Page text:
South Korea’s new leader faces some big challenges — one named Trump and one named Kim Jong Un
South Korea’s left-leaning new president, vowing to unite a nation bruised by a historic corruption scandal, takes power as North Korea flexes its nuclear muscles and Washington sends mixed signals over rising tensions on the Korean peninsula.
The landslide election win by Moon Jae-in, who favors talks with North Korea and is wary of too much dependence on Washington, throws a new element of uncertainty into the Trump administration’s dealings with North Korea’s isolated and mercurial leader, Kim Jong Un.
For the record:5:50 p.m. May 9, 2017
An earlier version of this story incorrectly spelled Katharine Moon’s first name as Katherine.
Moon, a lawyer and former presidential aide representing the center-left Democratic Party, pledged in a midnight victory speech to restore the public’s faith in the country after a tumultuous six months that saw the ouster and arrest of the former president, Park Geun-hye.
Under the circumstances, with Park jailed and the prime minister serving as a caretaker, Moon was expected to take office almost immediately. No elaborate inauguration is scheduled.
“My fellow Koreans, I will not forget what you have asked for as a nation, as a people,” Moon told a large crowd in a central square where protesters have gathered in recent months.
“I will work toward putting our country back on its feet and helping all of you realize your dreams, as Koreans.”
The White House, in a brief statement, offered congratulations and expressed hopes for a continuing close partnership with the government in Seoul.
Moon’s lopsided victory — he received 41% of the vote in a field of more than a dozen candidates, nearly double that of second-place finisher Hong Joon-pyo — was widely expected by policymakers in Washington and elsewhere, muting its immediate impact.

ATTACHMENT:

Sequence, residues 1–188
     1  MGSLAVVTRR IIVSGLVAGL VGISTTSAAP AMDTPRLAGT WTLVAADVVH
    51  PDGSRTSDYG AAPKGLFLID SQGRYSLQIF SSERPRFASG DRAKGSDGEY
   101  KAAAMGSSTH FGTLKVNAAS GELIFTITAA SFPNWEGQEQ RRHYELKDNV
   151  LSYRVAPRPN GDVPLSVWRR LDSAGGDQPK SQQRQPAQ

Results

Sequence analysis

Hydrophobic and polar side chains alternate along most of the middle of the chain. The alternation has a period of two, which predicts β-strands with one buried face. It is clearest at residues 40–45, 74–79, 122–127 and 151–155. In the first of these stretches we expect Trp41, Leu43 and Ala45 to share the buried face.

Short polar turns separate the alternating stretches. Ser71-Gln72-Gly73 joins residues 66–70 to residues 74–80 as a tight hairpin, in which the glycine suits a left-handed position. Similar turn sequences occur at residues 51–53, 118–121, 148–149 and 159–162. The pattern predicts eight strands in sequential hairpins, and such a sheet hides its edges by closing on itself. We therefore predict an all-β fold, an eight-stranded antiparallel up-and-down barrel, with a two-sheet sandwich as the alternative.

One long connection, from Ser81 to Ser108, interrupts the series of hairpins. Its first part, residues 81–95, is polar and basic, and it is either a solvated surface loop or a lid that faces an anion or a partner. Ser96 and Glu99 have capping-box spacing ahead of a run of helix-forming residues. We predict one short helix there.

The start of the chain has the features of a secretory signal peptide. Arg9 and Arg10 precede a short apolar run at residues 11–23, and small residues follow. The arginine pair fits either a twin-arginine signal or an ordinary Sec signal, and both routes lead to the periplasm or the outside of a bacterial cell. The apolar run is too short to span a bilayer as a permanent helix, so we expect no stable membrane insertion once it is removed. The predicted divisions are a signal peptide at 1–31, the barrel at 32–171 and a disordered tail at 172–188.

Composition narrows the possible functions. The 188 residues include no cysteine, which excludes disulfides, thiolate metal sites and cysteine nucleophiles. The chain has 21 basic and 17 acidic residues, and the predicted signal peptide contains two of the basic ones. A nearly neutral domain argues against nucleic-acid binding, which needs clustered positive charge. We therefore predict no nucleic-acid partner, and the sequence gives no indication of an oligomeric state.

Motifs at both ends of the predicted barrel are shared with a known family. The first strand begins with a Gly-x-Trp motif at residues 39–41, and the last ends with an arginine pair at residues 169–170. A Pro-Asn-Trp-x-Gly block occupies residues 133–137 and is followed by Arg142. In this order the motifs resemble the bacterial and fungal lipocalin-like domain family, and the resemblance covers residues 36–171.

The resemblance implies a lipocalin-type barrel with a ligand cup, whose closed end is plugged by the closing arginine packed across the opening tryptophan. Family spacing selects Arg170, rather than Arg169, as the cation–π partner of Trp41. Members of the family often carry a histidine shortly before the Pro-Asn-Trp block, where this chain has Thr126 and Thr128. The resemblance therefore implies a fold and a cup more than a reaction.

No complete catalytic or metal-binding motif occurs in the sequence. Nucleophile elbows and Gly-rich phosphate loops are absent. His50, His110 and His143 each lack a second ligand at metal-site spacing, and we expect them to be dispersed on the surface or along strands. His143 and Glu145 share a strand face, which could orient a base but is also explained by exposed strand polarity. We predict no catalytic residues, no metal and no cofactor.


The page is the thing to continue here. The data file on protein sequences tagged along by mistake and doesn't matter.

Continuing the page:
But going forward, the relationship Moon forges with Trump will be heavily influenced by the White House response to North Korea’s nuclear testing program and the communist government’s efforts to build an intercontinental ballistic missile that could deliver a warhead to U.S. shores, analysts said.
In recent weeks, Trump has engaged in both heavy-handed saber-rattling and seeming outreach toward North Korea’s leader — sometimes within a span of days.
Some analysts pointed to Trump’s declaration last week that he would be “honored” to meet with Kim under the right circumstances as perhaps dovetailing with Moon’s own stated willingness to engage the North.
Trump also warned North Korea, however, that bellicose acts would carry the potential for “major, major conflict.”
Last month, Trump said he had dispatched a powerful “armada” — a Navy aircraft carrier task force — to sail toward the Korean peninsula as Washington was strongly cautioning Kim not to conduct a sixth nuclear test.
Days later, the Navy acknowledged that the warships were going in the opposite direction at the time to engage in exercises with Australia’s navy. The U.S. task force, led by the Carl Vinson, ultimately steamed north to within range of Korea.
There are lots of opportunities and lots of pitfalls.
Jae Ku, director of the U.S.-Korea Institute at Johns Hopkins University